While the TM is quite well built and authentic in its dimensions and finishing, seasoned airsoft pistol collectors will immediately detect the minor annoyances that make it much less refined than a similar pistol from WA; the Beretta Perfect Version. Apart from the mould seams that are clearly visible on various parts of the gun (including the trigger but thank goodness not on the barrel!), the de-cocking lever does not function authentically to de-cock the hammer when engaged - instead you simply cannot release the hammer by pulling the trigger but the hammer stays in cocked position. The magazine release button is also made of plastic, as is the leash hook on the bottom of the grip (the WA has a metal part for this). And a personal gripe of mine is that the inner barrel sticks out a little too far to be quite visible to casual observers. But by no means am I complaining too much since you probably won't notice all of these minor cost-cutting tricks that make this pistol extremely affordable. On the test range, the Tactical Master fared quite favorably with the more expensive WA Beretta Perfect Version, with WA beating the Tactical Master slightly in accuracy but not in power. The Tactical Master obtained +/- 1.5 inches of accuracy from 15 feet; not bad at all for a pistol in this price class. The Tactical Master also offers strong blowback, which actually seems to kick harder and faster than the WA.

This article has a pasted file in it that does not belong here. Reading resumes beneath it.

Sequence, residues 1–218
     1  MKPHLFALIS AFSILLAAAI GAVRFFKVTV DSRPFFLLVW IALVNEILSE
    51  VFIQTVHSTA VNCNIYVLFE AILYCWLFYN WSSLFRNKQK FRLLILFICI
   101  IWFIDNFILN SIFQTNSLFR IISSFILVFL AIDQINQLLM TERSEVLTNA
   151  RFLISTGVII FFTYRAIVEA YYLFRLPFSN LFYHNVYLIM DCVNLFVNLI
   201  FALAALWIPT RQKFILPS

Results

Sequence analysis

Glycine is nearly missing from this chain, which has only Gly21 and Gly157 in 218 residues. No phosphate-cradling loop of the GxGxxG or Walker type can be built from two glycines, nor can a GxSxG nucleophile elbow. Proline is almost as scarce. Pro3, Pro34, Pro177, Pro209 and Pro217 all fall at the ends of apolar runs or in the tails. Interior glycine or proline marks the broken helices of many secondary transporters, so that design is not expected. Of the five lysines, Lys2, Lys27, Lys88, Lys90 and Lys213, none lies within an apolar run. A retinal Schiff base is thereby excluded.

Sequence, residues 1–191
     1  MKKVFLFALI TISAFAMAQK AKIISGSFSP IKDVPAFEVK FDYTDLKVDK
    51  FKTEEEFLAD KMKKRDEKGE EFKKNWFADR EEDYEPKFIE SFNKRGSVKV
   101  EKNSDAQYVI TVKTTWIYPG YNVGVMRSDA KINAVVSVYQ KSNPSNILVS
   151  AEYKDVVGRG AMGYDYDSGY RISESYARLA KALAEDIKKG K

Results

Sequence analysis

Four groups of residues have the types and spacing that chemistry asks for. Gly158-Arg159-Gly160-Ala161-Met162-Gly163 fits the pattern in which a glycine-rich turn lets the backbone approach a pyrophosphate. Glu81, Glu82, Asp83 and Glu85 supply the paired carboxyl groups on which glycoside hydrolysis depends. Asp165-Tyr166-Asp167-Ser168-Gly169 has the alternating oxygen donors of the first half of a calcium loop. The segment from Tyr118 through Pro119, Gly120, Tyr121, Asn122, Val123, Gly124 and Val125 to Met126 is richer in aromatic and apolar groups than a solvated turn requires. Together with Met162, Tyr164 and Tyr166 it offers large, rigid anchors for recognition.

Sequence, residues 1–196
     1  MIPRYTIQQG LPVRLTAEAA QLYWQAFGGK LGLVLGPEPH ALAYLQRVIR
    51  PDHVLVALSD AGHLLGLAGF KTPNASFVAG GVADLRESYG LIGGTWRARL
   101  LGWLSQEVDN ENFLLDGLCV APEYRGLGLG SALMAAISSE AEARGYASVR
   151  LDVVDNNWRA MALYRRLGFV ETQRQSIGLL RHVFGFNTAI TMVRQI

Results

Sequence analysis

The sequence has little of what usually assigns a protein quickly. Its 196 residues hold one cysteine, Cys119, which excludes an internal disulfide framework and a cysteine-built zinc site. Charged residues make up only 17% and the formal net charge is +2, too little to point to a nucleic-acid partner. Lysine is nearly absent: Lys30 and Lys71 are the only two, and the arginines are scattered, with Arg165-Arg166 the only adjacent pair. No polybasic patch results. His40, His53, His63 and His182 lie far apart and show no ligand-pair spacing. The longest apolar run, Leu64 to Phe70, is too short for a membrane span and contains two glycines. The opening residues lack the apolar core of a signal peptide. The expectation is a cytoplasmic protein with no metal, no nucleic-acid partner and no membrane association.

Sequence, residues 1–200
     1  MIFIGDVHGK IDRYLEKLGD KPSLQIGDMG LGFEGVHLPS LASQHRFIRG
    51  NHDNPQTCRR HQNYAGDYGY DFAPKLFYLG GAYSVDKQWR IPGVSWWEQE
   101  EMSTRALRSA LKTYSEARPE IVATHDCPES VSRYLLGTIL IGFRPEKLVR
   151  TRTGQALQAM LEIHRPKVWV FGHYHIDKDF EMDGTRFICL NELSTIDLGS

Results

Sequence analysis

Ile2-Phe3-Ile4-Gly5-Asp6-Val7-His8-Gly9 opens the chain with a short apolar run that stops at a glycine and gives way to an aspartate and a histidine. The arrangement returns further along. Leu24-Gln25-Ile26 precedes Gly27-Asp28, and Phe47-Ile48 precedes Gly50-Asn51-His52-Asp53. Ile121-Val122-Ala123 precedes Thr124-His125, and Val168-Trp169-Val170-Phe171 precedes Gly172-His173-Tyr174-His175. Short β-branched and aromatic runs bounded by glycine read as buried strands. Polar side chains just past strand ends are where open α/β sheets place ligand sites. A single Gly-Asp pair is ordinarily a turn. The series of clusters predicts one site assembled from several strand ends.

The recoil spring on the Tactical Master is also quite strong, which makes the cycling action extremely crisp. One small complaint is that the sound (or "bang") made by the Tactical Master seems a little high-pitched compared to the WA Beretta (am I being a little too picky here?). In any event, the Tactical Master is actually quite a fun gun to shoot with a grip that is extremely comfortable that makes accurate shooting much easier. Based on the reliable design that has already been proven by many months of hard use, you can be sure that this pistol will make a great skirmish weapon for a long long time. Being able to use HFC22 right out of the box is a big plus for that extra power (stock at 0.6J). Simply changing the hammer spring boosts the power quite significantly; while we haven't chrono'ed the exact upgraded power, I can tell you the BB's blew through 2 sides of a soda can quite easily, which we estimate at around 0.9J. Not bad for such a simple upgrade. So our verdict still holds for Marui's latest release. If you're a collector and authenticity in terms of finishing, trademarks, and weight are important to you, get a WA. If you want an affordable weapon that's fun to shoot and reliable, then give the Tactical Master a try!

Buy one now!